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tips for a digital detox
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5 Tips for a Digital Detox

The chances are you’re reading this off a screen. In fact, the chances are you have been reading a lot off screens lately. We all have. From scrolling through the endless posts on our social media platforms, to the one last check of your emails before bedtime.

Screen time has become so prevalent in the day to day of our lives, so much so that most of us keep our devices within arm’s reach most of the time. Recent research by screen time limiter app, Moment revealed that the average adult spends 4 hours a day on their smartphone.1 That’s the same time it takes to fly from London to Marrakech.

In this fast-moving world of instant information and constant communications, the concept of ‘switching off’ seems like a near impossibility. However more and more of us are making a conscious effort to reduce our screen time.

Besides freeing yourself from the technological tyranny that comes with the never-ceasing barrage of social media, there are numerous health and well-being benefits to consider.  Better sleep, lower blood pressure and even less anxiety, to name but a few.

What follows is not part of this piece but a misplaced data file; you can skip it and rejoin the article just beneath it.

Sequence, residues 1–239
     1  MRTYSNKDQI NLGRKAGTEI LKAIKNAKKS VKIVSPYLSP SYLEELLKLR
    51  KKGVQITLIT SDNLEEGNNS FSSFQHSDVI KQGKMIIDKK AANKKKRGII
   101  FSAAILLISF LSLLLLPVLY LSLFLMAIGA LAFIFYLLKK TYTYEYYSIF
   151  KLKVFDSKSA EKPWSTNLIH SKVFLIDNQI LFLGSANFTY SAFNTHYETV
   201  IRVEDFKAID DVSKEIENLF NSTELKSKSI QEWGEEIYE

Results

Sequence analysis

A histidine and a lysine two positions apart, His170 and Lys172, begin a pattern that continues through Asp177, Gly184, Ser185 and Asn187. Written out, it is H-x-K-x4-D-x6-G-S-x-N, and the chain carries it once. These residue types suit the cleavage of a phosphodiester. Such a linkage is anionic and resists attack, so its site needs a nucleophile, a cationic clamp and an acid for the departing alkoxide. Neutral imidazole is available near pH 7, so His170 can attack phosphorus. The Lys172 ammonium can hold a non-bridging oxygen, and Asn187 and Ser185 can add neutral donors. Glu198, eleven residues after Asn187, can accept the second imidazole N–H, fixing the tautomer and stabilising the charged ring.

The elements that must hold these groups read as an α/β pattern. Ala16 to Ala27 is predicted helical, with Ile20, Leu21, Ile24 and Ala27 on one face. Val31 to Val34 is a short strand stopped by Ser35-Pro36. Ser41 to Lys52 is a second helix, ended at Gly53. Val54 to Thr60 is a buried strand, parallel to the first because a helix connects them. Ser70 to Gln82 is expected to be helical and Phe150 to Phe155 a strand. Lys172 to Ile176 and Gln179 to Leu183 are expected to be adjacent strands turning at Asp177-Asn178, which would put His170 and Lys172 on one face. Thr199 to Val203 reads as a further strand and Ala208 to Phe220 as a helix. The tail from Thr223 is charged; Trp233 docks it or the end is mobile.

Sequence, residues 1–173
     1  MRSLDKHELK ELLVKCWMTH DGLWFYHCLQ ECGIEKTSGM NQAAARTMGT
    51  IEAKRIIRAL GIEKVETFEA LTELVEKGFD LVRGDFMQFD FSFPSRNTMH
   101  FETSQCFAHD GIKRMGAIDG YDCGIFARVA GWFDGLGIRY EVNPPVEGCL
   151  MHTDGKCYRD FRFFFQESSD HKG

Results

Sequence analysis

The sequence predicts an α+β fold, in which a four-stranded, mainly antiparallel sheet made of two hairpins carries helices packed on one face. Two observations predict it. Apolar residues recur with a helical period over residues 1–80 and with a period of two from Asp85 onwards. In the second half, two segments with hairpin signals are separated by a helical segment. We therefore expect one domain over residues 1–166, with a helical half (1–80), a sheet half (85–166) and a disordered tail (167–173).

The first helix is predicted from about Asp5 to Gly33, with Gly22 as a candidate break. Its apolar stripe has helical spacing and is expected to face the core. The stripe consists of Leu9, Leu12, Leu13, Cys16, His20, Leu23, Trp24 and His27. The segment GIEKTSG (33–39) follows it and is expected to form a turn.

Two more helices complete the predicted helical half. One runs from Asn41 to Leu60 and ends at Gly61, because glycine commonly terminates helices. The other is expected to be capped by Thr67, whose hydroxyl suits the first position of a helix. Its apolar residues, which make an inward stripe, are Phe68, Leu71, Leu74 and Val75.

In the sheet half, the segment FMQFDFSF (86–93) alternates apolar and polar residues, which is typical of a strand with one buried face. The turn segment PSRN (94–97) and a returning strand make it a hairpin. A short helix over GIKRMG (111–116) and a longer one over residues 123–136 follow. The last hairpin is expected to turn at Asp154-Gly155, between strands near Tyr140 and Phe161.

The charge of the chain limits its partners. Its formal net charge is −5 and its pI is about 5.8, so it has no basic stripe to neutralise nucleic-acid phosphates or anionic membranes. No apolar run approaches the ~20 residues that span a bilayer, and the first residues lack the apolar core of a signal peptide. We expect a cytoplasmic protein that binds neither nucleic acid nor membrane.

Going ‘cold turkey’ may not be the best way to embark on a quest for a digital detox. We do rely on our mobiles, laptops and tablets and they have, without doubt, made aspects of our lives much simpler. No need to bin that iPhone just yet.

Through a few easy steps, we can wean ourselves off from the habit and start to enjoy our lives away from the digital realms.

Here are a few hints to help make this a little easier.

1. Leave the phone behind

Its not exactly rocket science this one, but it is perhaps one of the harder habits to get used to. With most of us accustomed to our phones acting as an extra limb it takes some doing. Of course, there will be times when not having a phone simply won’t be possible, but do you really need to take it out with you when you walk the dog or go out for a meal with your friends?

By leaving your phone at home (or at the very least switched off) for short intervals will reveal to you that you’re not as reliant on it as you may think.

2. Schedule screen-free time

Planning out specific tech-free periods each day breaks down your digital detox into manageable chunks. By designating specific times each day, you are more likely to commit to it. Mealtimes would be an obvious starting point or perhaps you will pledge to switch off after 9pm.  A bedtime curfew will do wonders for your sleep patterns. The blue light emitted from screens plays havoc with your sleep-inducing hormone melatonin. The artificial, short-wavelength light mimics daylight and suppresses the release of melatonin keeping you alert just at the time when you want to be winding down. Switching off just an hour before bed can dramatically improve your chances of a restful night’s sleep.

3. Read a book